I feel it in the cold a bit but I don’t really think about it much. I’ve hit it a few times. I actually had a big crash, probably a month ago, when I was doing outdoors and my glove ripped off on that side. I’ve never had a crash where my glove actually came off. The first thing I thought of was to look at my hand and everything was fine.
It’s always going to be something that’s in the back of your head, but for the most part I try not to repeat that because that wasn’t fun.
I’ve got to ask you, do you miss racing Monster Energy Supercross?
Ya, I do , actually. When I first did it, I did it with my brother and my parents and it was tough. It was hard to do it 100% because when we first got into it I was learning quite a bit. We were kind of learning as we went.
The year that I got on the Rockstar KTM team, I was really looking forward to that year. Everything was in place and I thought it was going to be a good year for me.
It went all right, but I never anticipated that much pressure, riding for a factory team. I struggled a bit. Looking back, I really do miss it. I miss battling for a top 5 position and having that energized race in me.
Watching it on TV you think about when you raced it, but this year was cool getting to do Arenacross in Canada so I can’t complain too much.
Let’s talk about the Arenacross Tour. You made it look pretty easy out there. How was the racing from your perspective?
I wouldn’t say it was easy from my perspective. Those guys are fast, for sure. I think my riding style really suited the tracks this year. In Areancross, it’s easy to over-ride the tracks, but if you go too fast you hit the ground or make mistakes that can cost you.
For me, it was just like I tried to ride it like a normal practice. I didn’t plan on having that good of an Arenacross season. My worst finish was a 2nd. I got like three 2nds. I won all my Heat races and won the 6 main events and that’s hard to do in any type of racing.
That’s a good thing for me because in years past I’ve always struggled with getting good starts and being aggressive and sprinting so I can take a lot of positives out of what good happened in Arenacross.
But that being said, we’ve got another series now and it’s not going to be easy by any means, obviously. It’s only going to get harder so, like I said, it was cool to have so much success in Arenacross but that was 3 or 4 weeks ago, so on to the next thing.
I knew you’d never say it was easy, but you really did make it look that way.
(Laughs) Well, thank you. I had fun. It’s always fin when you’re winning and things are going good. I tried to really work on my weaknesses so to see things come around like that was sweet.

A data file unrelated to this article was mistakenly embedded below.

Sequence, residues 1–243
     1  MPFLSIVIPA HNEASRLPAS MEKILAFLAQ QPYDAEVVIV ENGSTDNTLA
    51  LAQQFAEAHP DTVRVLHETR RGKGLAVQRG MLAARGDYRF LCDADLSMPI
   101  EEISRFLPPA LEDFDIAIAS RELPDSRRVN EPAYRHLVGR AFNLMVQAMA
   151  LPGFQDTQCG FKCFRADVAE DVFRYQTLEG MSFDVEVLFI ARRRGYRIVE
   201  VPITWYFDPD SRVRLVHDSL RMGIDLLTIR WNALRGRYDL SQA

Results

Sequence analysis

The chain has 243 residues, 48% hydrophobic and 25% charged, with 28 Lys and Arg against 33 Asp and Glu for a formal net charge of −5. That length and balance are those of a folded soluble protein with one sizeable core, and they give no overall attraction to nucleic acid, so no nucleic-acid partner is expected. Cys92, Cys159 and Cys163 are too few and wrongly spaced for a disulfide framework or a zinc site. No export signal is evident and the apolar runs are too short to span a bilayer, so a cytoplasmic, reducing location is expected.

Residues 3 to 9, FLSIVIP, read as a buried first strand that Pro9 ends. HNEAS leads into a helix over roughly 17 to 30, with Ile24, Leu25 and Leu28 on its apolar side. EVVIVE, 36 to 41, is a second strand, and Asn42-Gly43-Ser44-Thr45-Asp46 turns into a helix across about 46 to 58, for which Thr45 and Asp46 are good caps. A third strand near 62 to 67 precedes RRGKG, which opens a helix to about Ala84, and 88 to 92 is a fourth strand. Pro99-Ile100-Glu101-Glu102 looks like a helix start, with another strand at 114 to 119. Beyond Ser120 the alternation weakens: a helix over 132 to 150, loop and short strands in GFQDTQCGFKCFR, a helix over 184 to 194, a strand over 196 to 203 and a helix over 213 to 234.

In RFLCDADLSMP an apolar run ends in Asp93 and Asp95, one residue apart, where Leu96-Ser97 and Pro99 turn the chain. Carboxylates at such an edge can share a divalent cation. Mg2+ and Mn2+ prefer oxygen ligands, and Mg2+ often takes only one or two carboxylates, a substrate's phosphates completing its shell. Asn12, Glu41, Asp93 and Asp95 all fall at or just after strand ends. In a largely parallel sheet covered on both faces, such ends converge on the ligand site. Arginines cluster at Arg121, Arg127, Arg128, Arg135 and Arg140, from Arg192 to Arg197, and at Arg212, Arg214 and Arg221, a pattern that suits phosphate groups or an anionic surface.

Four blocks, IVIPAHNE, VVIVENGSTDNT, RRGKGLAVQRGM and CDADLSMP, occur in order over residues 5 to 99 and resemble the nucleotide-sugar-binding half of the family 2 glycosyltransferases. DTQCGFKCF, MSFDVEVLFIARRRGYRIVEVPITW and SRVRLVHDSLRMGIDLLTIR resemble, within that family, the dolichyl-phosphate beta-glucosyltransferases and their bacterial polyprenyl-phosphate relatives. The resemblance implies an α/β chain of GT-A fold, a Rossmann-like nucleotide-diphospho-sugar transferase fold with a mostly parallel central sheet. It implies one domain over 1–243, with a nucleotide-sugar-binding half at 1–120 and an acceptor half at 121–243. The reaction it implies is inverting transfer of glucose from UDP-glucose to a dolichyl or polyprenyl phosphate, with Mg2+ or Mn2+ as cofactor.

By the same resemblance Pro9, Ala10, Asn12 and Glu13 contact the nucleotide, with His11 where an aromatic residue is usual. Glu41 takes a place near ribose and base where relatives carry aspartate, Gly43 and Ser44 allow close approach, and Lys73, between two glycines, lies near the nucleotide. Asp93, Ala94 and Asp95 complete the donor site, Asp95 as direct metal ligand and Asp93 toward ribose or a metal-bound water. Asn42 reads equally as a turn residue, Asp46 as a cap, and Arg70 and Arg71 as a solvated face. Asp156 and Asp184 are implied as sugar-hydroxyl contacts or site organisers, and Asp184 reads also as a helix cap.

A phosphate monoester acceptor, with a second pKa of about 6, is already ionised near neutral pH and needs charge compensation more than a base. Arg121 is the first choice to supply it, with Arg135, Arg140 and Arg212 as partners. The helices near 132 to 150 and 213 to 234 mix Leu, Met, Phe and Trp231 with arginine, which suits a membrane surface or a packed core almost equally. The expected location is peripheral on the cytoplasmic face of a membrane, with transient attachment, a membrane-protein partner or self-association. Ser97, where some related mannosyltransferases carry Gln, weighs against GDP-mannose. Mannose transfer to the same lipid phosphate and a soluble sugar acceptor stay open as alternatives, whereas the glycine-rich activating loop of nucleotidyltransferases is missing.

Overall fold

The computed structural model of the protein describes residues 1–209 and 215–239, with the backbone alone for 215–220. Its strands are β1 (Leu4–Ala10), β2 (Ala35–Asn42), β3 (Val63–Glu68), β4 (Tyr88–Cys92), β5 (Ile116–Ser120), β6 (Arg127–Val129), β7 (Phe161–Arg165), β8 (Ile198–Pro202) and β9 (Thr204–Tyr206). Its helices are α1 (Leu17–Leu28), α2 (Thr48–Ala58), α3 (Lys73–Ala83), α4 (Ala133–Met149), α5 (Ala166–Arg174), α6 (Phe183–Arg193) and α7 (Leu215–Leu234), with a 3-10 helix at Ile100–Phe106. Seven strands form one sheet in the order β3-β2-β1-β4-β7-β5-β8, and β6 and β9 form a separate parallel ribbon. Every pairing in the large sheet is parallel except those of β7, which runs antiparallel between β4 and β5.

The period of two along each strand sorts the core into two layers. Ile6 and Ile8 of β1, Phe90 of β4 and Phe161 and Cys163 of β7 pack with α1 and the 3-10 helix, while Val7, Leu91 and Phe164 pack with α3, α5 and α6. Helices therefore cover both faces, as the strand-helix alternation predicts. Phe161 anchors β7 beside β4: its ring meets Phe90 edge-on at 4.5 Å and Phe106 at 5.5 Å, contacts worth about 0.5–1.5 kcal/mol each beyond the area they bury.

Now we’re heading to the outdoors and I’m predicting we could have a Canadian champion and it could come down to between you and your teammate Kaven Benoit. Have you been training with him?
We did a photo shoot at Club MX, that was back in March. I did a little bit of riding with him there and I know he felt really good. We just rode a week of testing out in California with WP to get some things figured out for the outdoors with settings and stuff.
He was flying! He kicked my ass pretty good at some of the tracks, but I think it will be a tough summer between him and the Kawi and Yamaha and all the boys are going to be fast. I don’t think it’s going to be easy, by any means. I think it will be a good year for racing. Hopefully, you’ll see multiple winners and good battles and hopefully we’ll have it come down to the wire.
I just hope, at the end, I’m in the right place and put myself in a good position to try to make a run at it.
Are you happy to be moving back up to the 450 class or do you miss the 250’s?
I don’t miss 250’s. I’ve never liked them from the time I raced a 450 back when I was a B rider. I’ve raced them plenty of times in Supercross and as an amateur but, for some reason, I’ve always come back to the 450 and been at home.
This will be my 4th year with the bike so I’m really comfortable. Hopefully, everything is good to go for this summer and I can make stuff happen.
Have you raced your last AMA Supercross or will you go back at some point?
I would love to have done it this year! It was hard to justify it in my sense because I’d taken so much time off to get healthy and I [didn’t know if I should] come back and race 3 or 4 rounds, at the most, and then do this Arenacross series or do I just focus on Arenacross, focus on the Triple Crown. You know, everyone’s chasing that big $100 000 so I just wanted to put my energy into that this year and see where the cards fall.
Next year, we finish our series on Supercross and then it goes right into January so maybe do a few west rounds on the 450. No promises, but i would love to do it.
Even in 2017, I would have like to do more because the few that I did I struggled at so I would have like to give it another go and see where it went. I don’t think I’ll ever be like I’m totally done with Supercross. I still feel young and I still feel like I can be competitive in it at some place. We’ll see.
How old are you now?
What about the MXON at Red Bud this year? Would you love to be on the team?
I would. That would be awesome. The last couple years it’s been over in Europe so it’s cool to see in back to the US, especially at a track like Red Bud.
To this date, that’s been my best finish outdoors. I got a 7th overall, I think, so it’s my best outdoor finish. It was my rookie year, 2012, and I would love to go back there and try to battle with the world’s best.